When your programming you often have to go and look at other pieces of code for reference, search for something etc. I'm looking for some numbers on the ratio of time spend actually typing the code(coding) and the time spend going back and forth between other parts of the system, not even counting browsing the internet, reading documentation.

Ofcourse this depends on a large number of factors, probably also on your IDE, programming language etc. I just need some rough estimates, or researches on the subject.

Background: I want to investigate how much network latency is tolerable for a programmer to work on virtual machines (if any).

closed as primarily opinion-based by user40980, Dan Pichelman, user53019, gnat, user22815 Jun 30 '15 at 2:50

Many good questions generate some degree of opinion based on expert experience, but answers to this question will tend to be almost entirely based on opinions, rather than facts, references, or specific expertise. If this question can be reworded to fit the rules in the help center, please edit the question.


I want to investigate how much network latency is tolerable for a programmer to work on virtual machines (if any).

This is simple. I'm going to throw out the "scrolling/navigating" part of this question and go directly to the root here: typing vs. latency.

When I hit the key, I expect the character to appear immediately. Anything less than immediate is unacceptable. When it comes to typing, I expect results. I type something approaching 100 wpm. Latency negates that.

The biggest problem I have with latency when typing is this: if I misspell something, on a live computer I can backtrack and correct it at 100 wpm. So it's taken care of and corrected immediately. If I am typing with latency, then what happens is I misspell something and don't see it for a word or two. Now I have to stop, erase, retype, all slowly because of the latency. It just flat-out slows down the whole process of composition.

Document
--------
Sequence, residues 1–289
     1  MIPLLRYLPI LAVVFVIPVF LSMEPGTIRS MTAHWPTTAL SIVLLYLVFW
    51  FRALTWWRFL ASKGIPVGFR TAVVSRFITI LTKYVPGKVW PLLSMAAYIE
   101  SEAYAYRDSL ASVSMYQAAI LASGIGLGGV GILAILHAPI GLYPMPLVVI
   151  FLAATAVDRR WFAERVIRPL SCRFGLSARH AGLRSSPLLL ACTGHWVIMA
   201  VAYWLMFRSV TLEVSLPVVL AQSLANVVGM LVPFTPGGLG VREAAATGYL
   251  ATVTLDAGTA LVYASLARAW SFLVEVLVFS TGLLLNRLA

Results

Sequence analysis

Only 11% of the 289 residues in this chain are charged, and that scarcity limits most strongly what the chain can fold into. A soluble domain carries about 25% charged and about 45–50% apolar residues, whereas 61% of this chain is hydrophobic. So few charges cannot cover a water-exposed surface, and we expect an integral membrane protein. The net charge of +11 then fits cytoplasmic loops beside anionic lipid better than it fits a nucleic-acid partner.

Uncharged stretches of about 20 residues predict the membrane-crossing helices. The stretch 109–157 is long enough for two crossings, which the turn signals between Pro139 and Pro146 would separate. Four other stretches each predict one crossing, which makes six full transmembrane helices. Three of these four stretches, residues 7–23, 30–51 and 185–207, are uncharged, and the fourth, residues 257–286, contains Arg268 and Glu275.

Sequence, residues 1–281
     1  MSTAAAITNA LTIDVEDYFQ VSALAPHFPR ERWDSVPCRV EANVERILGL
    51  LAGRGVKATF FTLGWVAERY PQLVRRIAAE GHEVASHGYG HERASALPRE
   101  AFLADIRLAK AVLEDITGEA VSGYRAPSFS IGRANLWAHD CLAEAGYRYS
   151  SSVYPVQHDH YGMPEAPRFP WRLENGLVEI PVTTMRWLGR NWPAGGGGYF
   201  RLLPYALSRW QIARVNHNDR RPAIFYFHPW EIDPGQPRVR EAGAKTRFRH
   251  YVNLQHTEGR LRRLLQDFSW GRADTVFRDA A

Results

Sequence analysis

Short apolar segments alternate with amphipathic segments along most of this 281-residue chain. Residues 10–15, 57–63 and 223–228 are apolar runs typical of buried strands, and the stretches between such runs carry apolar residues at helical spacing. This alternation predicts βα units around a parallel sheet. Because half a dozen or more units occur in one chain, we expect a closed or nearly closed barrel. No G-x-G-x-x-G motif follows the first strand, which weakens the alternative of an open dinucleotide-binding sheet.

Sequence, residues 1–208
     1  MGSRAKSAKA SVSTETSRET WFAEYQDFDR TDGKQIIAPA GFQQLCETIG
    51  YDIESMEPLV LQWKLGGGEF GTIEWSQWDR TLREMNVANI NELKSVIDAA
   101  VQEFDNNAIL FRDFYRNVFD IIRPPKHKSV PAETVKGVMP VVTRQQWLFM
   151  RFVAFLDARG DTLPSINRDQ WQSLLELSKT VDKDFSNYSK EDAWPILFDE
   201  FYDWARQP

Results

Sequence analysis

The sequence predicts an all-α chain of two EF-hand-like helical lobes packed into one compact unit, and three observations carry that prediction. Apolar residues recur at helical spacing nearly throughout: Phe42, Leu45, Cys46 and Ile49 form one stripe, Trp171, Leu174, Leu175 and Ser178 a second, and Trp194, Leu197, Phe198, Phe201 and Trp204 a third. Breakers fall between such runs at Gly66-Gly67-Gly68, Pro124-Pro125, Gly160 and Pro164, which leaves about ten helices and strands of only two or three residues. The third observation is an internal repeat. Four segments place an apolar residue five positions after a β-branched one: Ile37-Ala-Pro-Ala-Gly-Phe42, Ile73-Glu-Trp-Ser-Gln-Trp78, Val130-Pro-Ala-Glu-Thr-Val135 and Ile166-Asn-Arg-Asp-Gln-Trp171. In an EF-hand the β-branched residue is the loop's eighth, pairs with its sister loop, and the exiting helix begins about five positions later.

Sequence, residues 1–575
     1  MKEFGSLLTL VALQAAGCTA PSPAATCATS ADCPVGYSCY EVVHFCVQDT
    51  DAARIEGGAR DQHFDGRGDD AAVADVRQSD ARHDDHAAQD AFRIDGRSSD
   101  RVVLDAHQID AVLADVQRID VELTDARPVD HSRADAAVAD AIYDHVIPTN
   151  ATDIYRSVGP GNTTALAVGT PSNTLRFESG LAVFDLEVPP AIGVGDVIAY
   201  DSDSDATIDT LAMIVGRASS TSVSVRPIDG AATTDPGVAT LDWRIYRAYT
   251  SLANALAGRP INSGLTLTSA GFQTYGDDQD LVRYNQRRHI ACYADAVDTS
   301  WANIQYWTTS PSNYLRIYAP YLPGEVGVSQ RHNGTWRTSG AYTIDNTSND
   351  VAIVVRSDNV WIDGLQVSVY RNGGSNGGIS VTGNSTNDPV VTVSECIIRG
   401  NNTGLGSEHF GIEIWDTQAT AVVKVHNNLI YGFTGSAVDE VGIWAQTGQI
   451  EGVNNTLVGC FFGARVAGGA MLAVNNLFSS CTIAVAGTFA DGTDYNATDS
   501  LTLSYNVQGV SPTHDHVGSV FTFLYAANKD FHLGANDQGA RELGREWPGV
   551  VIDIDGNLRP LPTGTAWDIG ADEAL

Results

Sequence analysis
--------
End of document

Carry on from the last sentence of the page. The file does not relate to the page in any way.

When it comes to typing latency, you just have to decide what you can reasonably live with.


Depends on many factors.

Learning a new library? A lot. Have two monitors? Probably not much. Dealing with code written by monkeys? Tons. Reading/Writing documentation in a waterfall process? Tons.


Depends on which phase of the project you're in.

Initially there's a bunch of typing--I find that to be the case even when I'm tying in a lot of external stuff.

Once I have the structure of the application in place and the general flow of the thing constructed, it becomes more navigational and surgical.


Cmd + F

Best friend I have. No more scrolling, no more browsing code to find it. Need to find a file quickly? find . | grep [filename]. Poof, there it is. Can even file name match with regex. Using TextMate? Cmd + T and Cmd + Opt + T are your friends.


I see absolutely no connection with scrolling etc. Having a ten-second latency isn't good, even if I wasn't going to type more than 360 characters that hour anyway.

When typing flat-out, I probably go about 60 wpm, or 1 wps. (I've been objectively tested at 87 wpm.) Given about six characters per word in tests like that, we're talking about 6 characters per second. Ideally, each would appear on the screen before the next keypress, so I can easily keep track of where I am and correct typos immediately. Bear in mind that I'm thinking about what I'm typing, so having to divert any cognition to the act of typing is a real limitation.

Since I don't know how bursty my typing is, I'd say that 0.1 second is the maximum acceptable latency from all causes. That's network latency both ways, any latency in bringing up my personal VM, everything. Anything more is going to be a drain on productivity.

Not the answer you're looking for? Browse other questions tagged or ask your own question.